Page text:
Kids experience all kinds of stress: good stress, like the excitement of trying out for the basketball team, and bad stress, like dealing with bullies. Thankfully, mindfulness techniques can help your child manage his stressors, good and bad alike.
In Mind Over Basketball by Dr. Jane Weierbach and Dr. Elizabeth Phillips-Hershey, Tuck benefits from Coach Watson’s tips for dealing with his parents’ divorce, trying out for the basketball team and dealing with a bully. Your child might also benefit from the mindfulness techniques Tuck learns to apply to stressful situations on and off the court.
Breathing deeply and slowly helps both the mind and the body. With every deep breath, your lungs put oxygen into your blood and take carbon dioxide out. More oxygen to your brain helps you think more clearly. More oxygen to body helps muscles relax. Breathing slowly also slows the heart rate, helping you feel more calm.
To breathe mindfully, put your hands on your chest, take a deep breath in, feeling your chest expand and filling up with air. Concentrate just on your breath, coming in and filling your chest. Let the breath out slowly, feeling how your hands move as the air moves out. This breath calms the body and the mind, allowing you to do your best.
Visualization is a way of practicing something in your mind. Imagining yourself, in detail, doing a challenging task well lets you practice the skill before you do it. This is a common approach for athletes. If you watch the winter olympics, you can see skiers and snowboarders, with their eyes closed before their run, visualizing their performance.
Visualization takes practice. Close your eyes and take a deep breath, focusing on your breath. Picture yourself in a video doing your challenging task well. Imagine the beginning, middle, and end. Pay attention to the details. Ask yourself “What am I doing well? What am I saying to coach myself? What parts of this picture should I change so I could ace it?” Now, edit your video to make improvements and then play it again in your head. Repeat often.
We all talk to ourselves. Sometimes we just walk ourselves through a process, like reading a recipe in our head, but sometimes we tell ourselves we can’t. We’re not good enough. We should have…. This negative self-talk causes stress and makes you feel bad about yourself, which can impact your performance.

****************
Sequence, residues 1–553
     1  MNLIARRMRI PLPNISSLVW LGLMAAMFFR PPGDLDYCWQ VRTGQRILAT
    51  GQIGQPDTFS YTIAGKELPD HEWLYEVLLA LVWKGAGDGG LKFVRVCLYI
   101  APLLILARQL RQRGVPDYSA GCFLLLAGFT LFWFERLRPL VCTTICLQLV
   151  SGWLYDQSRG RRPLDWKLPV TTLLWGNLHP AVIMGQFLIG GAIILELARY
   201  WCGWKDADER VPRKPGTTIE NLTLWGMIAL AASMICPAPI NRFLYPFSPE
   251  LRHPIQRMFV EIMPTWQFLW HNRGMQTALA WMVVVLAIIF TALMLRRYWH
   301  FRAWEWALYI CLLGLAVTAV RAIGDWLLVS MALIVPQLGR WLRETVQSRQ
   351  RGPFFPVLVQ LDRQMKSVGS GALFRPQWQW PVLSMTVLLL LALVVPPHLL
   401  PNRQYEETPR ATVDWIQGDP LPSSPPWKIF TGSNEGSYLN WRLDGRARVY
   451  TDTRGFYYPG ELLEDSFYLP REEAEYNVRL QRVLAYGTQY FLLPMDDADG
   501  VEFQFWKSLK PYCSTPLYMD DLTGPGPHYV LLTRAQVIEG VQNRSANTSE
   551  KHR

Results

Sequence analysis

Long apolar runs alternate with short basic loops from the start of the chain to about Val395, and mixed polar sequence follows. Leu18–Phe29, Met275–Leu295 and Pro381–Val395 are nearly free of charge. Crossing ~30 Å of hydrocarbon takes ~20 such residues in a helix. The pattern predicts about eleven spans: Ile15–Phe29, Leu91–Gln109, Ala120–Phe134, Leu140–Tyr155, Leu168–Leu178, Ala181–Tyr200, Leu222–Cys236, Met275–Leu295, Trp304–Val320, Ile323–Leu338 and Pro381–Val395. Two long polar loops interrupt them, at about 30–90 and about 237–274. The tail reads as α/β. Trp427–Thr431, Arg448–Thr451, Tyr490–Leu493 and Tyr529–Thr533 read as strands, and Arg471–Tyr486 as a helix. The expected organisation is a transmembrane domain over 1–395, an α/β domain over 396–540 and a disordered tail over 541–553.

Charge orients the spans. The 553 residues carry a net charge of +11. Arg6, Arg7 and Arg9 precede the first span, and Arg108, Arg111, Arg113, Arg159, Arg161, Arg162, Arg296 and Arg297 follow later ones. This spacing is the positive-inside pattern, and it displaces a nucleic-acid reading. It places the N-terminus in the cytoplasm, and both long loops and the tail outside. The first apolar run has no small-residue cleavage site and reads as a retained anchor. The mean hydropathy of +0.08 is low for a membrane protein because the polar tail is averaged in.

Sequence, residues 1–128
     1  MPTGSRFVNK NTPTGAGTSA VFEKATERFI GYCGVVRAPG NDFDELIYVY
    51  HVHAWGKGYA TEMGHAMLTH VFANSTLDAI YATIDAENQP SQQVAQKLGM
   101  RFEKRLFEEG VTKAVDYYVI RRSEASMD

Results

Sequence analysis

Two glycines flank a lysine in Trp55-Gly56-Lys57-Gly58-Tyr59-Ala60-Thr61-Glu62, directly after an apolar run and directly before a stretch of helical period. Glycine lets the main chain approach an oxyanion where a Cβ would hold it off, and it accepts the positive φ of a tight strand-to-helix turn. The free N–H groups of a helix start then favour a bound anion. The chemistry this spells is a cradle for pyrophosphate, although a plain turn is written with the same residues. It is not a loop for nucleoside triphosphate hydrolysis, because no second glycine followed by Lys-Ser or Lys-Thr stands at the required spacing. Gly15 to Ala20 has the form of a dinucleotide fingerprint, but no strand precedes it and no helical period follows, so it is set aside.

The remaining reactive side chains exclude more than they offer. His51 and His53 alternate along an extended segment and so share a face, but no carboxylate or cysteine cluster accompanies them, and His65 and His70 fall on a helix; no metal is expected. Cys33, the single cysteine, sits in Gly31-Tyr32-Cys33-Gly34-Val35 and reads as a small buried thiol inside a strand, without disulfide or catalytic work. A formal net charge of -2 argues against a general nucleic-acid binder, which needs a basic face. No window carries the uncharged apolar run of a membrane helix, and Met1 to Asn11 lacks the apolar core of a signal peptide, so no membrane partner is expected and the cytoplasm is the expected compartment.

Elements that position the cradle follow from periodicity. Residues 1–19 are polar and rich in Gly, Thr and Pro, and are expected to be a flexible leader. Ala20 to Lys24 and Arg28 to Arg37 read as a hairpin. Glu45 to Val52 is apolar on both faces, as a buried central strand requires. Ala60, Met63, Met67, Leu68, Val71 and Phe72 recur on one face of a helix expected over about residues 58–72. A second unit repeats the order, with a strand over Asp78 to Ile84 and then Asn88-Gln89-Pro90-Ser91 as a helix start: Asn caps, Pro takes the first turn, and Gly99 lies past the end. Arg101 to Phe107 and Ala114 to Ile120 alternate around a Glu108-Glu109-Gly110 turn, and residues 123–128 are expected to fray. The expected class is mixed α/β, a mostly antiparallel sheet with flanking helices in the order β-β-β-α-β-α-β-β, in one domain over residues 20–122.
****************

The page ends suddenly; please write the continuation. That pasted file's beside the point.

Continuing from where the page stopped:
Coach yourself with positive self-talk. For example, “I’ve done this in practice many times and my skills are strong. I can do this.” “Everyone feels a little nervous when meeting new people. Once I start talking with someone, I’ll relax. I will ask questions and listen carefully to get to know people.” “This is hard for me now, but I know if I take my time and keep working at it, I’ll get better.” Positive self-talk can allow your child to coach himself to success instead of focusing on what went wrong.
You and your child don’t need to be athletes to use the strategies for success. Indeed, learning to coach yourself and practice these mindfulness techniques are great life skills, useful on and off the court.
Adapted from Mind Over Basketball: Coach Yourself to Handle Stress, by Jane Weierbach, PhD, and Elizabeth Phillips-Hershey, PhD.
Related Books from Magination Press
Breathe is a conversation between a boy and his mother at bedtime. But this conversation can happen at any time, in any place. This introduction to mindfulness presents a collection of illustrated exercises to help little ones become aware of their breath and their body. Includes a Note to Parents & Caregivers that describes the exercises and their effects in more detail.
1-2-3 A Calmer Me: Helping Children Cope When Emotions Get Out of Control
1-2-3 A Calmer Me introduces children to a simple rhyme they can use to slow down their bodies and stop mad feelings from spinning out of control.
Includes a “Note to Parents, Teachers, and Other Grown-Ups” with more information about the steps of the “1-2-3” rhyme, and advice for working through the steps with your child.
Bee Still: An Invitation to Meditation
Bentley is a lovable, calm honeybee. He lives in a hive in a tall oak tree. One day, the queen told the bees to get busy. This sent them scrambling into a tizzy. But not Bentley. He chose to be patient and wait. He decided to look for a place to meditate. Bee Still is a child-friendly introduction to meditation. Includes a Note to Parents and Caregivers with more ideas for introducing meditation into your child’s life.